Development and rising pollution levels remain closely linked, as clearly evidenced in China and India. However, the Sustainable Development Goals (SDGs) offer a major opportunity to curb pollution and turn economies around the world towards clean and green development pathways.

“The key to development and improving the health of everyone requires new, clean approaches to economic development,” said Fernando Lugris, ambassador and director general of political affairs with the Ministry of Foreign Affairs of Uruguay.

“You can’t ignore the global impact of toxic chemicals in the SDGs,” Lugris told IPS.

At least 143,000 man-made chemicals have been registered, with the majority untested for potential health impacts. In addition, the world generates more than 400,000 tonnes of hazardous waste every year, writes Julian Cribb in “Poisoned Planet: How constant exposure to man-made chemicals is putting your life at risk”.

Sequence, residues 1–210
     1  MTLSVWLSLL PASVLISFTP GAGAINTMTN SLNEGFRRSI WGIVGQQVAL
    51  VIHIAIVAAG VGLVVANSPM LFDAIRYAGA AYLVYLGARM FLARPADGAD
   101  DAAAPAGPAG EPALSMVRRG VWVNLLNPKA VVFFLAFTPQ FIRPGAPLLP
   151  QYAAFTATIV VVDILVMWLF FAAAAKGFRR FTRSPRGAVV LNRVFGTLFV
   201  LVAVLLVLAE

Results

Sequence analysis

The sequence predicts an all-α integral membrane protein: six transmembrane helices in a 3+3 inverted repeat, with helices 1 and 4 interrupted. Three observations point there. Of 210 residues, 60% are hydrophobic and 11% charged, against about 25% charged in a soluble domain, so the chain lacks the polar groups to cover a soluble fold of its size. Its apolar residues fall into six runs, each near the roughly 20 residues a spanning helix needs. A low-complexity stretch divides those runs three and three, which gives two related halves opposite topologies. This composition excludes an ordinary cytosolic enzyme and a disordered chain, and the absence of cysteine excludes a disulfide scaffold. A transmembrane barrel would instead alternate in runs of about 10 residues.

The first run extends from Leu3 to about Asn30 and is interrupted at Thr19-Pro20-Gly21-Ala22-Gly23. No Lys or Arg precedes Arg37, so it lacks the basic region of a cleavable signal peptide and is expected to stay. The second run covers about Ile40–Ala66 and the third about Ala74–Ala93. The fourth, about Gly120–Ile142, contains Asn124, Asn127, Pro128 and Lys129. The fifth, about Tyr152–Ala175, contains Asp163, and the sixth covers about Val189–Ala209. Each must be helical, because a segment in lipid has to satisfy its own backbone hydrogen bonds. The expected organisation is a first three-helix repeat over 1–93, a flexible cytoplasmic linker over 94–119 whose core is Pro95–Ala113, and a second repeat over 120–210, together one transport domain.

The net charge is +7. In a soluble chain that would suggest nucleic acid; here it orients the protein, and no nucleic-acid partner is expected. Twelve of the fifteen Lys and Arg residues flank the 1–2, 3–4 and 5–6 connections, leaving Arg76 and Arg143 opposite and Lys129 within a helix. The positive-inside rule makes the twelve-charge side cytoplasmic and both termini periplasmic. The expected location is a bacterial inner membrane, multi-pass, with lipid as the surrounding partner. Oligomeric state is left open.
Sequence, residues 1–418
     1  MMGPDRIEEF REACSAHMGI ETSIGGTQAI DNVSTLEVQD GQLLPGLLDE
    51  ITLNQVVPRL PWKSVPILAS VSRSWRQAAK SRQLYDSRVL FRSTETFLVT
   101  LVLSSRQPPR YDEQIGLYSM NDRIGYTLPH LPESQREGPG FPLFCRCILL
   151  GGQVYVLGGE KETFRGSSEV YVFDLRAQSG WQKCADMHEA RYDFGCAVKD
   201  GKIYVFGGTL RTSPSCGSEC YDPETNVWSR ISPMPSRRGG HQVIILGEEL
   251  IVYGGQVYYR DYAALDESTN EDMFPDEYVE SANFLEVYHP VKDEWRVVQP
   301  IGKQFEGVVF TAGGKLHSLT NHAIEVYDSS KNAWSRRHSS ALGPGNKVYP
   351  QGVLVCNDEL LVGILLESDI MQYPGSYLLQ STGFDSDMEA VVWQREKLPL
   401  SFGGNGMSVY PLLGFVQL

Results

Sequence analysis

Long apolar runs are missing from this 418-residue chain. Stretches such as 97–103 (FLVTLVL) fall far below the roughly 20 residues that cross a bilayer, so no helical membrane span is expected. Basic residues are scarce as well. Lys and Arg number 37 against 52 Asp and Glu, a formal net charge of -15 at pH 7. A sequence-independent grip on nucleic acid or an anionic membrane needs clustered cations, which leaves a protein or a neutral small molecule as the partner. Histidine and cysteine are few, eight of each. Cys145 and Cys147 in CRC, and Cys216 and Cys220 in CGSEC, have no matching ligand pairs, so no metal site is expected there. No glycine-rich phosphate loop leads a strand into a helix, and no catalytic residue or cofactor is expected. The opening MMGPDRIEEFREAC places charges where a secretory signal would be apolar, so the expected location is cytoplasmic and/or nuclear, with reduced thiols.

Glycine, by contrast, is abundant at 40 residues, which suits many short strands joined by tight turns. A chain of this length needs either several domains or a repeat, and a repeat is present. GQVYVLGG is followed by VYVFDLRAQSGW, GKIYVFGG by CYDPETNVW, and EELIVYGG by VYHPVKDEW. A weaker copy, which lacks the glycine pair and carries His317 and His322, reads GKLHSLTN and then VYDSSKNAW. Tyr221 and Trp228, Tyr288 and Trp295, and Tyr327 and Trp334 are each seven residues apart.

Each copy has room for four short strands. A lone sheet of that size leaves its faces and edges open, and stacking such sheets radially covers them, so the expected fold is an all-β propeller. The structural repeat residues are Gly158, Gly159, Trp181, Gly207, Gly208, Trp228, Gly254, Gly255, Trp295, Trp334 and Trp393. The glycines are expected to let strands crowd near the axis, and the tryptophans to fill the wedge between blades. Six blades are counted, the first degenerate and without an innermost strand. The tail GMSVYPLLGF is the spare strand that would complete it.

Fresh snow at the top of Mount Everest is too polluted to drink. One study found newborn babies are contaminated with an average of 212 different chemicals, Cribb has said.

The SDGs will be a new, universal set of goals, targets and indicators all countries are expected to use to frame their agendas and political policies from 2016 to 2030. These largely expand on the Millennium Development Goals (MDGs) in place between 2000-2015 which were focused on poor countries.

Although not all of the MDGs have been achieved, they were crucial in focusing development aid and policies and a highly visible yardstick to measure international efforts.